Monday, March 21, 2016

Shades of discrimination

Written by Sharda Vishwanathan

As the run to the US Presidential race gains momentum, dialogue and debate around numerous issues ranging from economic reforms to migration politics have been the most voted flavor of the season. And Hillary Clinton’s recent tweet on “intersectionality” brings to the forefront the overlapping dynamics of gender, race, class and other identities. 

Intersectionality as a concept has often been ascribed various meanings. While some have associated it with identity politics, there are others who have often used to term to understand identities and the different institutional barriers that parallelly affect these different identities. In the recent years, this has in fact become one of the buzzwords in the context of social justice.  However, intersectionality as a concept can be traced back to the 19th century when scholars like Anna Julia Cooper and Maria Stewart advocated the need to understand race through a gendered lens and to explore feminism through a racial lens. However, it was only in 1989 that the word was coined by African-American legal scholar KimberlĂ© Crenshaw to illuminate how social justice movements neglected black women’s issues and struggles.

Often discourses on feminism adopt a ‘one-size-fits-all’ approach. It then becomes imperative to take into consideration the fact that women as a group are not homogenous. Take for e.g. an immigrant from Asia will have different experiences from those who are from Mexico. A poor Dalit woman has to deal with several layers of oppression; one on the lines of gender, second on the lines of her class and third for belonging to a different caste.

There are other instances.

A woman of colour faces the discrimination both on the basis of her gender and her race.

Thus, the privilege of being a ‘white-woman’ or an ‘upper-caste’ woman makes her experiences different from what the other women have to face for not having that same privilege.  Identities then become the bedrock that only further perpetuate discrimination and exclusion. In other words, sexism is something that all women encounter but casteist sexism, class sexism and racialized sexism is something that only some women encounter thus, making it important to provide for different narratives within the feminist discourse.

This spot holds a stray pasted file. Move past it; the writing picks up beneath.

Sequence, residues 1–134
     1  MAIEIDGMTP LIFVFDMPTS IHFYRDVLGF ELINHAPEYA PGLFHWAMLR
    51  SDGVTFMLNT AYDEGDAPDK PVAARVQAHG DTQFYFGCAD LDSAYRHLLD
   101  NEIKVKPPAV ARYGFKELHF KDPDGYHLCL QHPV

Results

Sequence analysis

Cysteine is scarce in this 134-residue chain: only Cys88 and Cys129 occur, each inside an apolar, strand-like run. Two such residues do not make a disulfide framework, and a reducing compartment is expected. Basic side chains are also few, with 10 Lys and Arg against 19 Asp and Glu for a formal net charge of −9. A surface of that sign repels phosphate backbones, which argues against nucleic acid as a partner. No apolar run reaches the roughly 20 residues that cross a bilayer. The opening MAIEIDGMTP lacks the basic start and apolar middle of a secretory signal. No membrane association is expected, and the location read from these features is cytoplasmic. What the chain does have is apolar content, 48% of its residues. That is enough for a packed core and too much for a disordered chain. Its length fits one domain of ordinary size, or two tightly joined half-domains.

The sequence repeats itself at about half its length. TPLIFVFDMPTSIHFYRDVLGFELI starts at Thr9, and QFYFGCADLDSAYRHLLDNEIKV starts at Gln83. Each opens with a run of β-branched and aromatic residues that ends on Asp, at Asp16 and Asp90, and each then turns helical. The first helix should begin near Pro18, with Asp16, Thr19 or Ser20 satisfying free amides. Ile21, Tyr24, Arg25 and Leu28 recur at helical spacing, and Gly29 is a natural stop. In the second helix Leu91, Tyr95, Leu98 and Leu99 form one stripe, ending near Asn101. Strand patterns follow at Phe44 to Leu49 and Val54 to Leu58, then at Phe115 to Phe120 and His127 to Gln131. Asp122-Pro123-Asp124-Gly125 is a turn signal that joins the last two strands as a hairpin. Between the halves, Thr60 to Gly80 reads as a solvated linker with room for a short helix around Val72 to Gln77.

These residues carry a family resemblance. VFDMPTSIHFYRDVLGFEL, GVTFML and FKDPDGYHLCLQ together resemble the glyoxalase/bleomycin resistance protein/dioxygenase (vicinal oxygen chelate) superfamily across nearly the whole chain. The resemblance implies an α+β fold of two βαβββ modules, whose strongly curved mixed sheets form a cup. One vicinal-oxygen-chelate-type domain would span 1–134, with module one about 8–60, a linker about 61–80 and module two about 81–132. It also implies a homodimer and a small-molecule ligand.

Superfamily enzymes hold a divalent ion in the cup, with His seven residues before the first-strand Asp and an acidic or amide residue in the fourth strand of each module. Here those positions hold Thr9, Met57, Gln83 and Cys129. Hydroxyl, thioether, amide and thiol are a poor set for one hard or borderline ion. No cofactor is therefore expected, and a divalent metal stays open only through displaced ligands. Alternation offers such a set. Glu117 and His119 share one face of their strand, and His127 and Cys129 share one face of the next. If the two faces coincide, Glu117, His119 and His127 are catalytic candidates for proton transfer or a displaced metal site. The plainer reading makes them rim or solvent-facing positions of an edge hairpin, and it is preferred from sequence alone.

The popular wage gap statistics, which highlights that white women make 77 cents to a white man’s dollar, black women make 69 cents for that same dollar and Latinas make a mere 59 cents in comparison reinforces the need for feminism to be intersectional.

Another classic example of this is the 1976 case brought by a group of black women against General Motors which highlighted how anti-discrimination movements failed to confront the intersecting concerns of African-American women:

“Blacks did one set of jobs and whites did another. According to the plaintiffs’ experiences, women were welcome to apply for some jobs, while only men were suitable for others. This was of course a problem in and of itself, but for black women the consequences were compounded. You see, the black jobs were men’s jobs, and the women’s jobs were only for whites. Thus, while a black applicant might get hired to work on the floor of the factory if he were male; if she were a black female she would not be considered. Similarly, a woman might be hired as a secretary if she were white, but wouldn’t have a chance at that job if she were black. Neither the black jobs nor the women’s jobs were appropriate for black women, since they were neither male nor white.  Wasn’t this clearly discrimination, even if some blacks and some women were hired?”

Thus, feminism ends up perpetuating the discrimination by subscribing to dominant discourses that relegate minorities and marginalized groups within the movement.

While Clinton’s tweet has been perceived as an effort on her part reach out to and gain support of the young women who have embraced the very idea of intersectionality, it is certainly a welcome change that intersectionality has now begun to occupy space in the wider framework of politics and political discourse. But what remains to be seen is if this goes beyond the political jargons to actually designing concrete solutions at the policy level to address the varied levels of structural inequalities and barriers affecting the varied communities at every level.